Sometimes it isn't our brain that can't come up with the right word; sometimes it's our heart.  When you visit the family of a sick child in the hospital and they ask you why this has happened to them.  When your daughter wants to know why her boyfriend doesn't love her anymore.  When you run into a co-worker in the hall on their first day back after losing their Dad.  We find ourselves looking them in the eyes, feeling a measure of their pain in our heart, and having no idea what to say.

Sometimes the search for words comes when we are praying.  What can we say to God about our problems?   How can we describe what we are feeling?  We search our hearts for the right words to tell Him what we are thinking. . . .but all that comes out is tears.  There is no way to put our feelings into words to pray and we sit there overwhelmed by our circumstances and needing our Father so very much.   We feel helpless, but our intercessor is about to step in.

"The Spirit helps us in our weakness.  We do not know what we ought to pray , but the Spirit himself intercedes for us with groans that words cannot express."  Romans 8:26
Does is reassure you that even the Holy Spirit doesn't use words to let God know what is in our heart?   Our pain, our fears, our loneliness--even the Spirit of God doesn't have the words for what is weighing on us!  Just imagine, if you can, the Holy Spirit groaning with the weight of what He carries to the Father on our behalf.  We are assured that God hears us because "He who searches our hearts knows the mind of the Spirit because the Spirit intercedes for the saints in accordance with God's will" (vs. 27) 

Did you get that??  God knows the mind of the Spirit--they are entwined in the Trinity relationship--and the Spirit intercedes for us as a part of this intimate relationship.  No words are needed.   The very aching of our soul is expressed to God in a way that is beyond words. 

It's time to admit we don't have all the answers to the questions that start with "Why".  It's time to take our cue from the Holy Spirit and quit trying to find the right words to comfort those around us who are in pain.  It's time to hug them and hold them and listen to them and cry with them and know the Spirit is expressing the groans of their souls to the source of mercy and peace.

Thursday, June 13, 2013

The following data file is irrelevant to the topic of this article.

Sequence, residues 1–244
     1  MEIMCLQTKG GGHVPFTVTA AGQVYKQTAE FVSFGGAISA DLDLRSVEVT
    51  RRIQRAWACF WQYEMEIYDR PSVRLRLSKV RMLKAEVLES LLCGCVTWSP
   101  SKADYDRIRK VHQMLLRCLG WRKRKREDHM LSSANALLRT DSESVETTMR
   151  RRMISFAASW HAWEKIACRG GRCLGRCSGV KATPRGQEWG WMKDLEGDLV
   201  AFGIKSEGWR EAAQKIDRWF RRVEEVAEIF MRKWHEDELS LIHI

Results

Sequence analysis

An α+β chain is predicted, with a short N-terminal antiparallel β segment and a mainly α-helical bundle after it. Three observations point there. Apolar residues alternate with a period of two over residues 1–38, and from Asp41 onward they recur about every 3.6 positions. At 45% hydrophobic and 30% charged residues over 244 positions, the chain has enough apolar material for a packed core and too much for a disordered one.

Wounded Warriors

I think God must have a special place in His heart for the men and women who serve our military as medics, physicians, nurses, and their support personnel.  Can you think of a more intense, discouraging, and yet rewarding job?  They wake up every day knowing that they will spend their day tending to those who are wounded and scarred, in both visible and invisible ways.  They carefully apply their healing skills so that they can--return them to the battlefield??  Because, if they do their job skillfully, and their patient recovers fully--which is always the goal--that is what may happen.  

God understands their heart; He feels the joy of victory when a medical team does the impossible and saves the life of someone wounded so badly that there seemed to be no hope.  He feels their pride when they watch a soldier push through the difficult months of physical therapy.  He feels their despair when they recognize the patient in front of them and know that they "fixed" this soldier just months before; did their job so well that they returned him to duty, and now they must tend to his wounds again.

He heals the brokenhearted and binds up their wounds.  Psalm 147:3

This text evokes a powerful mental picture for me.  It's not hard to imagine God as healer, especially when we consider the many Biblical stories of Jesus touching the people around him; healing their diseases, straightening their twisted limbs, restoring their vision, and even calling them from death.   This Psalm tells us of the tender loving care God uses to heal our wounds.  It evokes an image of God as the one who applies the soothing salve, who wraps our wounds with fresh bandages, who touches our diseases and restores us.  It also tells us that He knows when our hearts are broken and and He can heal those wounds, too.

God is the Great Physician for all those engaged in spiritual warfare.  He patches us up, knowing that He is returning us to the battle.  He strengthens us and encourages us when our hearts are broken by the pain that sin causes in the world all around us, and especially close to home.   Just like those faithful military doctors and nurses, He knows that He is fixing us in order to return us to the battlefield. 

However, He never sends us back alone.   We are reassured of His presence in this beautiful passage from another Psalm:

The Lord hears His people when they call to Him for help.  he rescues them from all their troubles.  The Lord is close to the brokenhearted; He rescues those whose spirits are crushed.  Psalm 34:17-18

God knows the hearts of His wounded warriors.  He is never far from us and He will hear us when we call.